How to Get and Keep Your Lawn Green in the Drought Months

Aeration Drought Lawn Summer Watering

It's always a joy to see green grass in the summer, but what do you do when you're living in a drought-stricken area and it's been months without rain? It can seem impossible to get your lawn looking like it did before. But there are some simple steps that will make all the difference. We'll show you how to keep your lawn green, even with the dry weather! 


Tips to Start With 


What are some tips for keeping my lawn alive during this tough time? 

There are many different things that people can do when they're dealing with drier than normal conditions. One of these is watering your yard more often, which helps promote healthy growth for the grass and plants. Some say it’s best to water about an inch of water per week to stay healthy and green. Another way is by adding compost to help. By using this method, it helps improve the moisture-holding capacity of the soil, adds nutrients, and feeds soil microbes. 


Best Time to Start Maintenance 


Water in the morning? Water at night? How about in the middle of the day? What about that one pesky question, when do I start on my lawn to ensure health and during the horrible drought months? These are some of the major questions that run through most heads when the summer months roll around. Seasonal lawn pros and most lawn enthusiasts would agree that the best time to start would be from the beginning. Whether you are starting in the middle of the season, near the end or even the start of a new season, they all agree that you have to start somewhere. 


At the beginning, it’s as good a place as any to start! Preparing your lawn for the dreaded drought months is more simple than one would think, starting with the grass. Planting a drought-tolerant grass that will thrive in the summer heat and needs little water to survive. Some of the drought-tolerant grasses include:  Fescue, St. Augustine, Kentucky Bluegrass and Buffalo. 

 

drought stress lawn

One thing to keep in mind is the height of the grass when mowing. Keeping grass cut at a height of three to four inches will create a deeper root system that will pull more water from deep in the soil. Mowing too short during dry conditions can injure or wear out dormant grasses to the point where they may not come back during cooler conditions. When your lawn quits growing it has gone into what is called a “dormant stage”. Dormancy means active shoot growth will stop. Being dormant isn’t actually a bad thing. The roots are still alive, and growing slowly!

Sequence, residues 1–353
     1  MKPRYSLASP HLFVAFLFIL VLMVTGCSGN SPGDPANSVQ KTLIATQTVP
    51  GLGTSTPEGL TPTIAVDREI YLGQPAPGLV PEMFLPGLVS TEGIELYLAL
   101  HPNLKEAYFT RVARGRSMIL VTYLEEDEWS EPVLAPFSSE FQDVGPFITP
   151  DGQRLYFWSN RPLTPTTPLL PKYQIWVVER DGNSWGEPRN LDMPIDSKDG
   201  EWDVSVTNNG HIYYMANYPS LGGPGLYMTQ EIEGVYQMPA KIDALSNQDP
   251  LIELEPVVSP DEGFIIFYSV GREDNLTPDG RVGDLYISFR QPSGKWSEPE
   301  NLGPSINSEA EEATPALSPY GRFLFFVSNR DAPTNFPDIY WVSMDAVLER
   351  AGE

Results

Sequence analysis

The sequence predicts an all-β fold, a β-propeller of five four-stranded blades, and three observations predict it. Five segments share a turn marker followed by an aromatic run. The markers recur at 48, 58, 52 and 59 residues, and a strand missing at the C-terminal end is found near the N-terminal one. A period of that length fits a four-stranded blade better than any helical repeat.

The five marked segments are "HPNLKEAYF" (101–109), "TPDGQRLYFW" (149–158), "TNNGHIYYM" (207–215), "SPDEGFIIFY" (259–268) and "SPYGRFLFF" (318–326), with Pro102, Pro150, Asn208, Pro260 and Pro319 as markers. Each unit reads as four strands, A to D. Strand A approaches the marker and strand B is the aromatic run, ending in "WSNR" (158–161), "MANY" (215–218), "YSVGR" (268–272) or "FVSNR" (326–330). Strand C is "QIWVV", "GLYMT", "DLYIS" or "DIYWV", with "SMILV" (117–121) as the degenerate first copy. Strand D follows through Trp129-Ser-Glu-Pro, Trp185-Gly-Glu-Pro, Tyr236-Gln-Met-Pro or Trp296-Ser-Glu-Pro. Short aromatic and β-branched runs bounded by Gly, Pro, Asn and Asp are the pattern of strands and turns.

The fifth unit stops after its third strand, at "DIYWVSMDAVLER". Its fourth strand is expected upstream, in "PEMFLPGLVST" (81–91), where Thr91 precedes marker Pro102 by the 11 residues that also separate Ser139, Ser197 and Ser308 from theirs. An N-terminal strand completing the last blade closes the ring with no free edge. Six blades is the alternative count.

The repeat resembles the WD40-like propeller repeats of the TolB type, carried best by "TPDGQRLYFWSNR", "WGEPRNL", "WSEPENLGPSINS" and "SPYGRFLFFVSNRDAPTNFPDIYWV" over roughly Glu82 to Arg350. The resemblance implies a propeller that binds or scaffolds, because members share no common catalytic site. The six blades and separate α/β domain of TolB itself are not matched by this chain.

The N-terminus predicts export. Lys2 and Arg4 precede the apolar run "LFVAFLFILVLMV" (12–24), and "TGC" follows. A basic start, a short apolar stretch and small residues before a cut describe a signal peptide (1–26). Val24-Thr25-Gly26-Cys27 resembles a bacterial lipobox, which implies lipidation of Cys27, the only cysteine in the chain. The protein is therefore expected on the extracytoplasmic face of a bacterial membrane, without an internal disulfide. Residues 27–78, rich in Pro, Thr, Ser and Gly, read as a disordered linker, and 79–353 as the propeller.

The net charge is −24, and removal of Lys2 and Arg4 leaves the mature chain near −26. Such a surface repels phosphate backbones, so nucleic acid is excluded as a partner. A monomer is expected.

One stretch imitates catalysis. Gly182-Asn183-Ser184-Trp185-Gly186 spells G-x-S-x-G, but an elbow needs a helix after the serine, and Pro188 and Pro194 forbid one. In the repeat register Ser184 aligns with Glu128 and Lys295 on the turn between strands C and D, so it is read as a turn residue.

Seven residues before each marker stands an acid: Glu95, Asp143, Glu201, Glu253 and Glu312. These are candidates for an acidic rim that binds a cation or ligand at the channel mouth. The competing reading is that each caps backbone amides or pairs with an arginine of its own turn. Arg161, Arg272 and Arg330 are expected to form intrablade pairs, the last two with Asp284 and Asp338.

When is the best time to water your lawn? Experts say the best time to water your lawn would be before 10am in the morning and not to water on windy days. Watering early in the day provides the plants with moisture for vigorous growth during the day and prevents heat stress. Heat stress occurs when the heat gets intense or long, and the grass begins to dry and die because it can't get enough water. If you water in the afternoon, especially during summer, the heat and sun are at their peak and the plant’s water will evaporate instead of absorbing into the soil and roots. Along with cutting grass too short, watering at night is about the worst thing you can do to a lawn. When you water your lawn at night, the sun isn’t around to help evaporate the water. Keeping your lawn too wet during the night will actually encourage the growth of fungus and make your lawn more susceptible to disease.


All Things Considered


With these tips, you can keep your lawn green and healthy during this time of drought. What have you done to conserve water in the garden? Have any other gardening hacks that we should know about? Let us know! We want to share them with our audience so they too can learn how to take care of their plants like a pro.



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